InP Nanowire Array Solar Cells Achieving 13.8% Efficiency by Exceeding the Ray Optics Limit.
ABSTRACT Photovoltaics based on nanowire arrays could reduce cost and materials consumption compared to planar devices, but have exhibited low efficiency of light absorption and carrier collection. We fabricated a variety of millimeter-sized arrays of p-i-n doped InP nanowires and found that the nanowire diameter and the length of the top n-segment were critical for cell performance. Efficiencies up to 13.8% (comparable to the record planar InP cell) were achieved using resonant light trapping in 180-nanometer-diameter nanowires that only covered 12% of the surface. The share of sunlight converted into photocurrent (71%) was six times the limit in a simple ray optics description. Furthermore, the highest open circuit voltage of 0.906 volt exceeds that of its planar counterpart, despite about 30 times higher surface-to-volume ratio of the nanowire cell.
SourceAvailable from: Anna Fontcuberta i Morral[Show abstract] [Hide abstract]
ABSTRACT: Nanowire diameter has a dramatic effect on the absorption cross-section in the optical domain. The maximum absorption is reached for ideal nanowire morphology within a solar cell device. As a consequence, understanding how to tailor the nanowire diameter and density is extremely important for high-efficient nanowire-based solar cells. In this work, we investigate mastering the diameter and density of self-catalyzed GaAs nanowires on Si(111) substrates by growth conditions using the self-assembly of Ga droplets. We introduce a new paradigm of the characteristic nucleation time controlled by group III flux and temperature that determine diameter and length distributions of GaAs nanowires. This insight into the growth mechanism is then used to grow nanowire forests with a completely tailored diameter-density distribution. We also show how the reflectivity of nanowire arrays can be minimized in this way. In general, this work opens new possibilities for the cost-effective and controlled fabrication of the ensembles of self-catalyzed III-V nanowires for different applications, in particular in next-generation photovoltaic devices.Nanotechnology 02/2015; 26(10):105603. DOI:10.1088/0957-4484/26/10/105603 · 3.67 Impact Factor
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ABSTRACT: We have investigated the p-type doping profiling of InAs nanowries (NWs) grown via the Au-assisted vapor-liquid-sold (VLS) and the self-assembled growth methods. The VLS is the most commonly used mechanism for the growth of semiconductor NWs. The VLS-grown InAs NWs, however, show a large degree of variation in their electrical resistance along their growth direction. In addition, attempts to form heavily p-type doped InAs NWs lead to a strong kinking in the shapes of the NWs, disturbing their one-dimensional growth. In contrast, the p-type doped InAs NWs grown via the self-assembled method exhibit very low and uniform electrical resistance along the growth direction of the NWs. The doping mechanisms of the InAs NWs and their growth methods are further discussed.Journal- Korean Physical Society 06/2014; 64(11):1621-1625. DOI:10.3938/jkps.64.1621 · 0.43 Impact Factor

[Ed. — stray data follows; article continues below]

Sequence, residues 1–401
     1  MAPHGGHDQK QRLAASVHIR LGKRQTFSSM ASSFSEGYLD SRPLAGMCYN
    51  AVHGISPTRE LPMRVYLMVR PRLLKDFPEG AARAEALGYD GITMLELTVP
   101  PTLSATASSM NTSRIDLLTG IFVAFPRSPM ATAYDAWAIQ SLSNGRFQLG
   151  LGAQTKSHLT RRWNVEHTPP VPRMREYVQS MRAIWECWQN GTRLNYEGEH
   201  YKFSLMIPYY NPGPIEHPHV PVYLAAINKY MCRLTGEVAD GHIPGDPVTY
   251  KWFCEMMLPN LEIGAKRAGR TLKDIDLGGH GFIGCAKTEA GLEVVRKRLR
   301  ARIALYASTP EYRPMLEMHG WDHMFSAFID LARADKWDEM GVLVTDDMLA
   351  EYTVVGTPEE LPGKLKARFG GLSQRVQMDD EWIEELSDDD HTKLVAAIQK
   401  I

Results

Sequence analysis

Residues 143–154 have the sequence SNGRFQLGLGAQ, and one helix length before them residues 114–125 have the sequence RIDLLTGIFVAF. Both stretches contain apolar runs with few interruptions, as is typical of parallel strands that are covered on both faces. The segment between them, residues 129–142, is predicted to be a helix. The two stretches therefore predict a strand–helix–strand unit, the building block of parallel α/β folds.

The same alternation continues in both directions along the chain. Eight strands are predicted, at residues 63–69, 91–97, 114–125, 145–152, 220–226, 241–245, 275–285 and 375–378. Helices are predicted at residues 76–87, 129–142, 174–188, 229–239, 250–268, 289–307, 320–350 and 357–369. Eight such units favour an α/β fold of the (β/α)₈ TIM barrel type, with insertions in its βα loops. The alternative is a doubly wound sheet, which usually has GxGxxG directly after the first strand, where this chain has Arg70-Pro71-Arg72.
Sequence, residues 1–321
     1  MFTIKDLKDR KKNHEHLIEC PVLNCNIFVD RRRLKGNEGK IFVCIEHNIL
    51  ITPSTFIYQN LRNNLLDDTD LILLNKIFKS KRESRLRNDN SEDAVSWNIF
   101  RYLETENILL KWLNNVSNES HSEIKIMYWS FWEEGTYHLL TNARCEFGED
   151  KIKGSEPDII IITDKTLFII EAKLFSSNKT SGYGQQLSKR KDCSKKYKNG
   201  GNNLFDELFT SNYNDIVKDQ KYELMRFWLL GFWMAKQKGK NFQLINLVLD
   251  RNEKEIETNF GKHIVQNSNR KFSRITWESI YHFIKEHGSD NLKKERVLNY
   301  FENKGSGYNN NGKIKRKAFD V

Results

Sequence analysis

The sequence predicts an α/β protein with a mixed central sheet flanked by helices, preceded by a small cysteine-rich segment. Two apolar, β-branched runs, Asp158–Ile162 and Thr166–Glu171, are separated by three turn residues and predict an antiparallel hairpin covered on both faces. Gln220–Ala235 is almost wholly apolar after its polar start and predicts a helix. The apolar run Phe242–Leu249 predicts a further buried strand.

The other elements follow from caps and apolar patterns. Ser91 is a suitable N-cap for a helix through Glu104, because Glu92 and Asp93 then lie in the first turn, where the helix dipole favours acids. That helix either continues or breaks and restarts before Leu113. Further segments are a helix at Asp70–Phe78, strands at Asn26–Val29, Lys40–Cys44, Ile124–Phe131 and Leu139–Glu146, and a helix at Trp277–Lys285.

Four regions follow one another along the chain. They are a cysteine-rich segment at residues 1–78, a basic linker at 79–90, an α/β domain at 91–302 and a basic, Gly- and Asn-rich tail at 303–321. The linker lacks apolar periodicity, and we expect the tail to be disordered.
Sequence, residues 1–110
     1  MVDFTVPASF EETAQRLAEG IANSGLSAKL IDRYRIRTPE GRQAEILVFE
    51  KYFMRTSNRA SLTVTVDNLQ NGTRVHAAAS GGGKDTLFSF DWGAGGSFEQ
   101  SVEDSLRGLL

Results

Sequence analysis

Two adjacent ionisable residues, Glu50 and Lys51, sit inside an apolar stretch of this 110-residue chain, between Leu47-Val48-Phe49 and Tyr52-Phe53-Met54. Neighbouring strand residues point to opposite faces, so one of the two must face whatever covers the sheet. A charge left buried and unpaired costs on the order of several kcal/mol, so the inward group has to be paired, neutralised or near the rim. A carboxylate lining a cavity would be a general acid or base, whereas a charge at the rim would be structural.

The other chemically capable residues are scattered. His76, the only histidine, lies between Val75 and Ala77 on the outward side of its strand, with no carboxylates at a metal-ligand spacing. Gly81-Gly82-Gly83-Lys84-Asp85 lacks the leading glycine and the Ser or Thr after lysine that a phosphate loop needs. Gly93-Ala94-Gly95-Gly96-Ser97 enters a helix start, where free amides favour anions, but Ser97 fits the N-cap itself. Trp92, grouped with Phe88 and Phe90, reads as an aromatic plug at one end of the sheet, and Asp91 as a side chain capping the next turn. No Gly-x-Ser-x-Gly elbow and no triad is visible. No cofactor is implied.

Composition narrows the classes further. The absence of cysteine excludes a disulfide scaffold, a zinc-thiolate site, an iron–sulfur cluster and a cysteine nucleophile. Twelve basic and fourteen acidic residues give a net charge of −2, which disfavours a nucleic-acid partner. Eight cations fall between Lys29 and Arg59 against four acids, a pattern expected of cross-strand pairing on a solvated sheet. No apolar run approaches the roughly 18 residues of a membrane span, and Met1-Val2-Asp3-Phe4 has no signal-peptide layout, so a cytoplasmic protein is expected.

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ABSTRACT: Live observations of growing nanowires using in situ transmission electron microscopy (TEM) is becoming an increasingly important tool for understanding the dynamic processes occurring during nanowire growth. Here we present observations of growing InAs nanowires, which constitute the first reported in situ growth of a In-V compound in a transmission electron microscope. Real time observations of events taking place over longer growth lengths were possible due to the high growth rates of up to 1 nm/s that were achieved. Straight growth (mainly in aOE (c) 111 > B directions) was observed at uniform temperature and partial pressure while intentional fluctuations in these conditions caused the nanowires to form kinks and change growth direction. The mechanisms behind the kinking are discussed in detail. In situ observations of nanowire kinking has previously only been reported for nonpolar diamond structure type materials (such as Si), but here we present results for a polar zinc blende structure (InAs). In this study a closed cell with electron and X-ray transparent a-SiN windows was used in a conventional high resolution transmission electron microscope, enabling high resolution imaging and compositional analysis in between the growth periods.Nano Research 08/2014; 7(8):1188-1194. DOI:10.1007/s12274-014-0481-4 · 6.96 Impact Factor